Summer is coming and time to get out and enjoy the weather. California Pacific Coast Highway offers so much to see and do. It is possible to visit different beaches, boardwalks and state parks along the highway. The beaches in California offer excellent facilities and handicap access for those in wheelchairs. Why not roll down the boardwalk, sit on the beach, or enjoy a lazy afternoon watching the sunset? Consider some of the beaches in Los Angels County that wind you down the Pacific Coast Highway. Spend a few days and take your time driving the highway. There is so much to see and do and the beach communities along the way offer shopping, adventure, and plenty of sightseeing.
Pack your bags, get out your sunscreen, and let's take a ride down the Pacific Coast Highway. First stop:
Nicholas Canyon County Beach
This gorgeous beach lies at the base of the sea cliffs off a narrow steep hill to the parking area. The walk to the beach is steep but having handicap plates or placards you drive down the road and park by the lifeguard station. Two picnic tables are there for you to enjoy your lunch. The bathroom equipped with handicap access is down a gently sloping road carved into the bluffs. From the bathroom you will find a ramp leading to the beach with handrails. From the end of the ramp to the water there is no handicap boardwalk only sand. This makes it difficult to travel across the sand to the beach unless you have a beach wheelchair. At this beach they do not offer free handicap beach wheelchairs.
The beach open at 6 AM and closes at sunset Spend a few hours enjoying the sea cliffs and beaches. Traveling down south the highway the next stop:
Robert H Meyer memorial State Beaches: El Pescado, La Piedra, El Matador
El Pescado beach has a cliff top parking lot with an ocean view. The parking lot has one asphalt-paved handicap parking. The rest of the parking lot filled with gravel and has a narrow steep slope leading down to the beach. The slope is too narrow for wheelchairs to access the beach. At the location is one handicap chemical toilet with an access ramp. The parking lot has a rough gravel walkway leading towards the beach. About halfway down the walkway it becomes impossible to pass further with a wheelchair.
La Piedra State beach has one paved asphalt handicap parking. The walkways are narrow and rough in some areas through the grass. The travel down this walkway makes it almost impossible for most wheelchair riders. If you make it down the narrow dirt path it veers off leading to public picnic tables which are hard to find. The path leading to the beach is narrow and too steep to pass safely in a wheelchair. The view from the top is wonderful and if you can find the picnic tables is a wonderful place to sit and have lunch.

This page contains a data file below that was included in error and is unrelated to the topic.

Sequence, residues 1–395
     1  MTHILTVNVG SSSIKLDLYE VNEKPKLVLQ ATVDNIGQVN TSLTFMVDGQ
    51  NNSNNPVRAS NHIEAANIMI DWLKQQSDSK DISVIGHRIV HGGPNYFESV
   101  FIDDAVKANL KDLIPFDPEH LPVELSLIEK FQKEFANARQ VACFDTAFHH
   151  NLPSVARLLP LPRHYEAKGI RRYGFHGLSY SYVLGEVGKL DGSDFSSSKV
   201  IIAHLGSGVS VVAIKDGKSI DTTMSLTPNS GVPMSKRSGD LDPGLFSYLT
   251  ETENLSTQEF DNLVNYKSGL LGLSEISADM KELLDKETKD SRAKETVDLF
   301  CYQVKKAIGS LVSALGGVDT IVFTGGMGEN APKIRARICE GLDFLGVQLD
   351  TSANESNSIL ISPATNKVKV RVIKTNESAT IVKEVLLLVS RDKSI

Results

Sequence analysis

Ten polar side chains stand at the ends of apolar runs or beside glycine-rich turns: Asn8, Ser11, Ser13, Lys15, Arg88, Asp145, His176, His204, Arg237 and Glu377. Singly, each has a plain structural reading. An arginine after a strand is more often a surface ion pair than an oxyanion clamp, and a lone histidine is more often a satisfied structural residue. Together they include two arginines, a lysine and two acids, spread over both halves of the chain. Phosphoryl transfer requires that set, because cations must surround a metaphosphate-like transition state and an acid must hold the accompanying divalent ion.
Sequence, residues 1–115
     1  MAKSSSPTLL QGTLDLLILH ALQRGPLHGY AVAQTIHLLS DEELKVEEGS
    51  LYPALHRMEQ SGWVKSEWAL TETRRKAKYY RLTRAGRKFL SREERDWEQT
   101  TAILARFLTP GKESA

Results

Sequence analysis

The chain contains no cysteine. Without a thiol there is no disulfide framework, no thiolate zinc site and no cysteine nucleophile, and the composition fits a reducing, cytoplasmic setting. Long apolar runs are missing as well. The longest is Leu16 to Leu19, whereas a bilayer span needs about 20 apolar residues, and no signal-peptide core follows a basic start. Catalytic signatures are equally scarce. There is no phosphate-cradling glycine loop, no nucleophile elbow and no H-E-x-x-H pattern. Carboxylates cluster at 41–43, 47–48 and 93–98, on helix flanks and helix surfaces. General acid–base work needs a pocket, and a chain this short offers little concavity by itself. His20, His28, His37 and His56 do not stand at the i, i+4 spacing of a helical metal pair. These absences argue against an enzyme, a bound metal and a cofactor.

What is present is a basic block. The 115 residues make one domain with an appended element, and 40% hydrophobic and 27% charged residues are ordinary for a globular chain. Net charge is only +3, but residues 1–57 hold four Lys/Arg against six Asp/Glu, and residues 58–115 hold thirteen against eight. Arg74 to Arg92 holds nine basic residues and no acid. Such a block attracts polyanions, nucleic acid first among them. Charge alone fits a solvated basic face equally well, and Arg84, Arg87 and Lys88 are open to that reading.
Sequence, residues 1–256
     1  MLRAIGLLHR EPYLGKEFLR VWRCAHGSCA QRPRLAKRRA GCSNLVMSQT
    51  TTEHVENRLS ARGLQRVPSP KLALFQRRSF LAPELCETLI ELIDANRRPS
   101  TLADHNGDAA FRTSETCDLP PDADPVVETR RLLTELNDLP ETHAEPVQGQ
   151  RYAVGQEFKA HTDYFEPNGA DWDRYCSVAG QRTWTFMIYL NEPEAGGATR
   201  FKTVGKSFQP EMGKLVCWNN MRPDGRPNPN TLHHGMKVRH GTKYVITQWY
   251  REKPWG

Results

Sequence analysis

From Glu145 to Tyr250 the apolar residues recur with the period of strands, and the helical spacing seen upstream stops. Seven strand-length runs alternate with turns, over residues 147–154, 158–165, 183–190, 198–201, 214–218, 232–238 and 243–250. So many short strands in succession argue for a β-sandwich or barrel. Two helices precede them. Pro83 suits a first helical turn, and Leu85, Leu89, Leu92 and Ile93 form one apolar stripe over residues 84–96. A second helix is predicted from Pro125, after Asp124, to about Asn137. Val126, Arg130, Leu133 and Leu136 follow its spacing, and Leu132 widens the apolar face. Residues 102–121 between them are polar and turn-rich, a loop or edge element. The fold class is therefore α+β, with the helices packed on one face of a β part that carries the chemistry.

El Matador State Beach parking lot has a picnic table that sits on the asphalt in front of the handicap parking. The view is wonderful of the ocean and a wonderful place to spend time watching the sunset or having a picnic. The trail leading to the ocean is impossible with a wheelchair.
The three beaches are rough for wheelchairs but offer wonderful cliff views of the ocean. It is defiantly worth the view to stop at the three beaches. Enjoy a picnic lunch or dinner and watch the sunset. The next stop down the road is:
Charmlee Wilderness Park
The park offers wonderful canyon flora and is well worth the effort to stop here. The terrain is rough for wheelchair riders but with a manual wheelchair it is possible. You need to have good balance, upper body strength to pass through the rough terrain and reach the Nature Center. The picturesque Oak Grove is the first leg of the Botany Trail and part of the fire trail. The erosion and cross-slops make wheelchair travel dangerous. In a wheelchair you can make it a few hundred feet down the trail to see the sage, wild flower, coyote brush and oaks.
To reach the Nature Center follow the asphalt driver from the parking area. The entrance has a seven-inch and three-inch step up. The Nature Center displays Chumash Indian history, local flora, fauna, the park's history, and geology. The rangers who work here are always happy to talk with you about the park and the historic sites.
The drive into the park is a must even if you decide the terrain is too rough to visit the Oak Groves and Botany Trail. The park has accessible bathrooms with drinking fountains found halfway up the steep road leading to the Nature Center. The parking lot has no handicap parking but the hard packed dirt is not so difficult for wheelchairs. It is not possible to drive your car beyond the parking area so the push up the hill is challenging. Motorized wheelchairs will find it easier to make it up the incline to the Nature Center.
The California Pacific Coast Highway offers so much to see and do. It is impossible to write about all the adventures in one article. I have decided to make a series of vacation articles starting off with day adventures. On the first day you will have plenty of time to visit the sites and beaches I have described here. The next article will continue to drive down the highway and arrive at Zuma Beach County Park. I hope you will consider spending some time this summer exploring the California Coastline. Happy travels.